You can’t get much more dedicated than this month’s Teacher Feature, Anne. For those of you who haven’t met her yet, Anne is our recital coordinator, music teacher, and maybe most excitingly, our nonprofit coordinator. Anne has brought the Molly’s Music Foundation to Oakridge Private School, where she teaches in-school and after-school programs in piano, guitar, glee, and a variety of other disciplines. She has also been working tirelessly writing curriculum for future school programs. It’s hard to imagine a more devoted teacher, I can say without a doubt that when my son is in elementary school, Anne is the school teacher I’d love to see him taking classes from. All you’ll need to do to make the world feel a little more beautiful today is to check out her description of her favorite instruments in this interview. Read it and tell me you aren’t feeling musically inspired!
MM: What instruments do you play, how did you get started with each one, and how long have you been playing them?
AL: I am primarily a vocalist. That is where my main interest lies. But if I am given a string or percussion instrument, I can usually figure it out. I started out with guitar lessons when I was eight. My sister started taking them, and since she was older than me, I had to take them, too. I worked on mostly acoustic and classical styles, because that is just how I roll. Once I was in fourth grade, I took both band and choir in school. I played the clarinet all the way from 4th grade through 12 grade. Band was never my main interest, nor my main focal point, but if someone was going to let me play music during school, I was there. In sixth grade the school offered a string ensemble, and I wanted to play the violin so bad. So I played in the school string ensemble from 6th to 8th grade, and have taken private lessons in my adult years. I was in choir all through school, and began to take private voice lessons at 12, with a very classical bent. That was my choice. I was a weird child. I sang all through school, and ended up majoring in music with a concentration on vocal performance in college. I picked up piano in college, taking secondary classes and learning it out of necessity in order to play the music that I needed to sing. I sat down with books of “easy” Bach and played through them. Since the indie folk revolution, I found that banjos were easier to get my hands on, so I managed to purchase one after wanting one for the longest time. With 22 years of guitar behind me, it wasn’t too hard to figure out!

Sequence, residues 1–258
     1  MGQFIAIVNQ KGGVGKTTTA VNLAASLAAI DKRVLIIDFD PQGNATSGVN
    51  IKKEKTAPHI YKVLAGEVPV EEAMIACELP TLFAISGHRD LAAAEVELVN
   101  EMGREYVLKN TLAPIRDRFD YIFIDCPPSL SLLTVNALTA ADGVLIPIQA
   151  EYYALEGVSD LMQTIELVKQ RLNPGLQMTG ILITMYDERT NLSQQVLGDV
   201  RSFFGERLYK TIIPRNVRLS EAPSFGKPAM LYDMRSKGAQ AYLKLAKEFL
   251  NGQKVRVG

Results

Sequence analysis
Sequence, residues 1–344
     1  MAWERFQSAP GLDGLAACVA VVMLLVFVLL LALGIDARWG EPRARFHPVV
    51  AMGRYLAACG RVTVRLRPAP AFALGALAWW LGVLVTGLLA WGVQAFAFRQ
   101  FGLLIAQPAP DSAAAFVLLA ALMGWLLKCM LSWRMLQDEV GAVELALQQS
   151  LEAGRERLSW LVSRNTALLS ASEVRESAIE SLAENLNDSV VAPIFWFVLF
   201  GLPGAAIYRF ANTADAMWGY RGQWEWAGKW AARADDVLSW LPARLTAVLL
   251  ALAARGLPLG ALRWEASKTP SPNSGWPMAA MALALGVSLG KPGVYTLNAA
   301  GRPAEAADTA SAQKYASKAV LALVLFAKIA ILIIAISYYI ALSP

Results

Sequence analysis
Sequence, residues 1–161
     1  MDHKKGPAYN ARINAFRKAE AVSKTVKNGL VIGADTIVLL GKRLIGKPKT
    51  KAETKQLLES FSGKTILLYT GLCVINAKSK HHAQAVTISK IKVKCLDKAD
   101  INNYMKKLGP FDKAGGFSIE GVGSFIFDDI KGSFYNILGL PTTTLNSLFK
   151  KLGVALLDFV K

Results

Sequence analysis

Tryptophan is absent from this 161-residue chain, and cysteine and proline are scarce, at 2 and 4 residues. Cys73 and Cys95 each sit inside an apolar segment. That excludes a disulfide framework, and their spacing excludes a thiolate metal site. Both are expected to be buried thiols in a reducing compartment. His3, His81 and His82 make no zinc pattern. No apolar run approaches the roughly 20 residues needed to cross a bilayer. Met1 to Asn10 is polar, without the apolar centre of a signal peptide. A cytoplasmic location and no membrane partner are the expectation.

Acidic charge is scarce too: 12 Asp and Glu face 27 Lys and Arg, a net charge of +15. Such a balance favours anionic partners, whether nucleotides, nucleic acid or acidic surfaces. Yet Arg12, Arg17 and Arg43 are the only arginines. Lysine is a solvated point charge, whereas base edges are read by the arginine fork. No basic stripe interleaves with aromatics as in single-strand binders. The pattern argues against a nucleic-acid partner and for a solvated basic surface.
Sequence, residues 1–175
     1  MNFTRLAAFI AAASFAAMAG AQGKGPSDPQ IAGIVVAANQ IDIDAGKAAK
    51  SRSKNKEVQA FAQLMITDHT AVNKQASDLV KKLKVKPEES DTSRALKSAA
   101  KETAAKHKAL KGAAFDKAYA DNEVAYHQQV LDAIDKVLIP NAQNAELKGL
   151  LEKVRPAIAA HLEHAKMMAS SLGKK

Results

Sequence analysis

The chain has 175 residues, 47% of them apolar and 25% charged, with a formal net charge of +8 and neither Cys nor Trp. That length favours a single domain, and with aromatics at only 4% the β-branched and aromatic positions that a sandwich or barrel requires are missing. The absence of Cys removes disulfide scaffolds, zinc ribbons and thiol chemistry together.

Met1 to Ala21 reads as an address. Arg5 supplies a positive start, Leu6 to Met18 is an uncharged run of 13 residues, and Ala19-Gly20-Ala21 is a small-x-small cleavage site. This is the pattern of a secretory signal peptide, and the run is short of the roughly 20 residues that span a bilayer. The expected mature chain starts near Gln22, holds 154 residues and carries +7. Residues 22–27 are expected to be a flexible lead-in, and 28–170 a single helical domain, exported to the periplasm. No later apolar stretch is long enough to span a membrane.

MM: Who has inspired you musically?